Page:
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Carex launches new ‘Hand & Surface’ Sanitiser Spray

The brand has also unveiled an antibacterial shower gel, soap and hand cream - but do you really need them?

Carex launches new ‘Hand & Surface’ Sanitiser Spray

Carex has launched a range of new hygiene products, including an alcohol-based sanitising spray you can use on hands and surfaces – such as trolley handles – as well as an antibacterial body wash and hand cream, and soap bar.

It’s good to see innovation in this space, as we all try to protect ourselves and others from the new, more transmissible strain of COVID-19.

But anti-baccing yourself from head to toe isn’t really necessary and could actually be overkill.

We’ve taken a closer look at the new range to see how the claims stack up and what you need to know before you buy.


Hand hygiene explained – we delve into the science behind soap and sanitiser to help you choose the best options

Alcohol-based sanitisers tested – find out which products will protect you and the ones to avoid


Carex Antibacterial Hand & Surface Sanitiser Spray, £2.50

This two-in-one alcohol-based spray is marketed as a convenient way to keep things hygienic ‘on the go’. For example, when supermarket shopping: a spray for the trolley, a spray for you.

Carex says it’s safe for both hands and surfaces. This sets it apart from surface cleaners as they tend to contain harsher ingredients that can damage skin.

It has 70% ethanol as its active ingredient, which means it should be effective at killing germs – included enveloped viruses such as coronavirus – on hands and surfaces.

Dr Primrose Freestone, Associate Professor in Clinical Microbiology at the University of Leicester, cautions that sprays containing alcohol may not be suitable for some situations, such as in the kitchen, as alcohol is highly flammable.

Quick-dry formula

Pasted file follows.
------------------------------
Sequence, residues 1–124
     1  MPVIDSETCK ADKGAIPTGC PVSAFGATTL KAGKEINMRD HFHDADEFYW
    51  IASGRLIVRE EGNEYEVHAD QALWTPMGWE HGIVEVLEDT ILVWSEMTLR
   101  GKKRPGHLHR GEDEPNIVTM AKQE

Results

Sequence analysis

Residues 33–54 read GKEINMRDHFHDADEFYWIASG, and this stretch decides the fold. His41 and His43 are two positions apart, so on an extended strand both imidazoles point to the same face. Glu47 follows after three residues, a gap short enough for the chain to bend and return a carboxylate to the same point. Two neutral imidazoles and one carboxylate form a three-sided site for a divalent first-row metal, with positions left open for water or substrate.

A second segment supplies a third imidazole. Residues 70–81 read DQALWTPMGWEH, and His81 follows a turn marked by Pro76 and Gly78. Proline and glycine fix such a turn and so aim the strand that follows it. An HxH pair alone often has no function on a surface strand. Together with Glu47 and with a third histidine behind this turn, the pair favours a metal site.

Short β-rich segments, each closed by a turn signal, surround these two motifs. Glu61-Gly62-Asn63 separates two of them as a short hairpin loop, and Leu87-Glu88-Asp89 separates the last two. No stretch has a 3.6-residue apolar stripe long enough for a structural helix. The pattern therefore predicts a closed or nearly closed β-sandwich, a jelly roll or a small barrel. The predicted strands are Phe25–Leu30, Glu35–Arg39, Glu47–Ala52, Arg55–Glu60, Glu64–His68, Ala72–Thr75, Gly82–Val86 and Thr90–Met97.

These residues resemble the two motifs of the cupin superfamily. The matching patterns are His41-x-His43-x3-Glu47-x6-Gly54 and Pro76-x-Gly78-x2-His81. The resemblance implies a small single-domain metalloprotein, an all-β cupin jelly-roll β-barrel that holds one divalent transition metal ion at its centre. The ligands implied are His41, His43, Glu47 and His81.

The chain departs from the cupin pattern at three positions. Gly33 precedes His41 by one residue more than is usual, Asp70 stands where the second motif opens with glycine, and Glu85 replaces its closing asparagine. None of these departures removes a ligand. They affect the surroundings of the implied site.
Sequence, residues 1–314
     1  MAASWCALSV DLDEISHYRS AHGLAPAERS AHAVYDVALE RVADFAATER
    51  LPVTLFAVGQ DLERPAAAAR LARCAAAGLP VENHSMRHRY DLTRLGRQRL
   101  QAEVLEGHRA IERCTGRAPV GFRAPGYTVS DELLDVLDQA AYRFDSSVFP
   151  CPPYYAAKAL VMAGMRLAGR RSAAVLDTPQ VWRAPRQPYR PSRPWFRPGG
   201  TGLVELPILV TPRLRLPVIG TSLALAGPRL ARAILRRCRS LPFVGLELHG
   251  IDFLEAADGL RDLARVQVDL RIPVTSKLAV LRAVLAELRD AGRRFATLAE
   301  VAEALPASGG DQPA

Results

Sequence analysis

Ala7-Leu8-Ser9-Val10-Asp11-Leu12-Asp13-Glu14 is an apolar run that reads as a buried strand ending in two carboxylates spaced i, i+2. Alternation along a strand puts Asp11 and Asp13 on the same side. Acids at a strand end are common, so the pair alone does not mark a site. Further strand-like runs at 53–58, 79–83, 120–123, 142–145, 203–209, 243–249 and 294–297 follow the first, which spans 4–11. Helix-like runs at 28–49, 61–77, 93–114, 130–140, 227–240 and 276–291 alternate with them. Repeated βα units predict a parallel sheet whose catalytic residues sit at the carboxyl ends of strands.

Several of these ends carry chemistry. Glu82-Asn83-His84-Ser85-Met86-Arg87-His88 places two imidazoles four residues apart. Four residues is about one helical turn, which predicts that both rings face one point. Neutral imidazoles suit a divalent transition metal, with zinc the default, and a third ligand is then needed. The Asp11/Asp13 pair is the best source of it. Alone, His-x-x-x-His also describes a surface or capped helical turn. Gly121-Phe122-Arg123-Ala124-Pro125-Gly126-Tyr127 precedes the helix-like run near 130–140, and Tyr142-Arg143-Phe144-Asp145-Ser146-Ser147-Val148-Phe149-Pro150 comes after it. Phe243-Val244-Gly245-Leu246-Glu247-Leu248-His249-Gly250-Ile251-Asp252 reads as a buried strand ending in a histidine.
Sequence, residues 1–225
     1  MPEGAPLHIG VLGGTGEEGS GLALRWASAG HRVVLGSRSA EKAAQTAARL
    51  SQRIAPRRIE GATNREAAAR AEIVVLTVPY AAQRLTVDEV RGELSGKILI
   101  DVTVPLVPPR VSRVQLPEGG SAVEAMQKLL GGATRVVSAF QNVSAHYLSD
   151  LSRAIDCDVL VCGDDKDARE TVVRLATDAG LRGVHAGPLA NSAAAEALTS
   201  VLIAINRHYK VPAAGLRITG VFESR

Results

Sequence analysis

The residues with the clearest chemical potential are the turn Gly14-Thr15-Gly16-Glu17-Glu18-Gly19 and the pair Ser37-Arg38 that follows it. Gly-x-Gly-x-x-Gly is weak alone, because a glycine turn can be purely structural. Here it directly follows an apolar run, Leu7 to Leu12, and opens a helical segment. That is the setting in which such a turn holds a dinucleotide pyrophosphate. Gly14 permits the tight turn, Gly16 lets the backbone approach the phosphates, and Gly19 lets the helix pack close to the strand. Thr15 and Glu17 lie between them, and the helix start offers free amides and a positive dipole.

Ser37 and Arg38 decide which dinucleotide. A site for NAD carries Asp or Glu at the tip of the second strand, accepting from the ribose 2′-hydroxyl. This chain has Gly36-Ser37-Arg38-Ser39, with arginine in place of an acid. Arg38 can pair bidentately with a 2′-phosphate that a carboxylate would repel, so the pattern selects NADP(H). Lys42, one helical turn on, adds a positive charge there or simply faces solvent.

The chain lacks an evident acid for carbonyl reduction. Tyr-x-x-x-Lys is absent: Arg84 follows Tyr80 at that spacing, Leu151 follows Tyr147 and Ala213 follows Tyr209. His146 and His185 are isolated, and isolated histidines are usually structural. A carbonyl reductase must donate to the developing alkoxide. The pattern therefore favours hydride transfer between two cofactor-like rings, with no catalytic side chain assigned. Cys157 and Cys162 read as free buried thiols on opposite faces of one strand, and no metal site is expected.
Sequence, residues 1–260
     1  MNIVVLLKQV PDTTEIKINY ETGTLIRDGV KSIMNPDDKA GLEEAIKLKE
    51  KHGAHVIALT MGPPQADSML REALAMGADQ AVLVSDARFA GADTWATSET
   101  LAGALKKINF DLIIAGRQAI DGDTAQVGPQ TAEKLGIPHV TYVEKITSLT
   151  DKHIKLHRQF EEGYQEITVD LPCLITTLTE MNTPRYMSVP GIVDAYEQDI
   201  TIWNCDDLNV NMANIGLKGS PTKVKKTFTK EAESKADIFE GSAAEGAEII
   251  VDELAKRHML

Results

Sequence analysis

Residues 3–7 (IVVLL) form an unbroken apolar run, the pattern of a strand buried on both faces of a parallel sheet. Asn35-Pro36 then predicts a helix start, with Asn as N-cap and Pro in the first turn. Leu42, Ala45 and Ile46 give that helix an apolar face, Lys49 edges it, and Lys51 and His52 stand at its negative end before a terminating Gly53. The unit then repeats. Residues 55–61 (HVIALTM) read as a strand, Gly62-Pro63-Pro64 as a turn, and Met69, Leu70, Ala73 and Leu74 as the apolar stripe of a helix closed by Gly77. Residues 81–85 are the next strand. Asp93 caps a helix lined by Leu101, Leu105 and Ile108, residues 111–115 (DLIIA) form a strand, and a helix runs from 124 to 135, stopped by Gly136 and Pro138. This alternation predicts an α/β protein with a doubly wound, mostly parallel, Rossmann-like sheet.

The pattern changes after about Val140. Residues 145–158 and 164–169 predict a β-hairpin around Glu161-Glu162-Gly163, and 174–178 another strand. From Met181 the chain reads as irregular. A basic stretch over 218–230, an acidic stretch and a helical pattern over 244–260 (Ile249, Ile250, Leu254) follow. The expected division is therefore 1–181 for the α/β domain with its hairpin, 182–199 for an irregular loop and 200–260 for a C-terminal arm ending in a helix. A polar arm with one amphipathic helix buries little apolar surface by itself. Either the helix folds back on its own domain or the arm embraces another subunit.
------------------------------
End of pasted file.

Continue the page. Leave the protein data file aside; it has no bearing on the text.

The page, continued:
The alcohol denat in this Carex spray means it should be quite lightweight on skin.

If you hate the texture of gels and the tacky feeling some can leave on your hands, it could be preferable. But there’s a risk that a spray formulation might evaporate more quickly than a gel, especially if you spread it over a large surface area in a short period.

Dr Freestone says: ‘Gels are more viscous than liquids and are retained on the hands longer than a liquid, which is more likely to drip off the hands. A gel potentially allows more of the hand to be sanitised because of its longer presence.’

So if you have a spray formula, it’s important to be judicious with covering your hands well and not spreading it too thinly (this goes for gel sanitisers, too).

Try not to apply it in a stiff breeze either, as it may simply get blown away.

A high alcohol content and spray formula can potentially be a bit drying compared with some gel formulas, but this spray does also contain glycerin, which is a moisturising agent.


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Do you need to spray surfaces when shopping or commuting?

Evolving science about COVID-19 transmission suggests that airborne transmission is probably a more significant risk than picking up the virus from fomites – surfaces and objects carrying disease.

This doesn’t mean it’s impossible to catch the disease from an infected surface, though. Good hand hygiene remains vital, especially with a faster spreading variant – and there are still plenty of unknowns.

It’s not going to hurt you to spray down a trolley or handle, and you may find it handy to have a multi-purpose product to hand when out and about. But if you’re vigilant with washing or sanitising your hands after shopping or commuting anyway, then it’s not really necessary.

If you are keen to do this, it’s worth remembering that many supermarkets have hand-sanitising stations at the store entrance with a selection of wipes, sprays and hand gel for you to use anyway.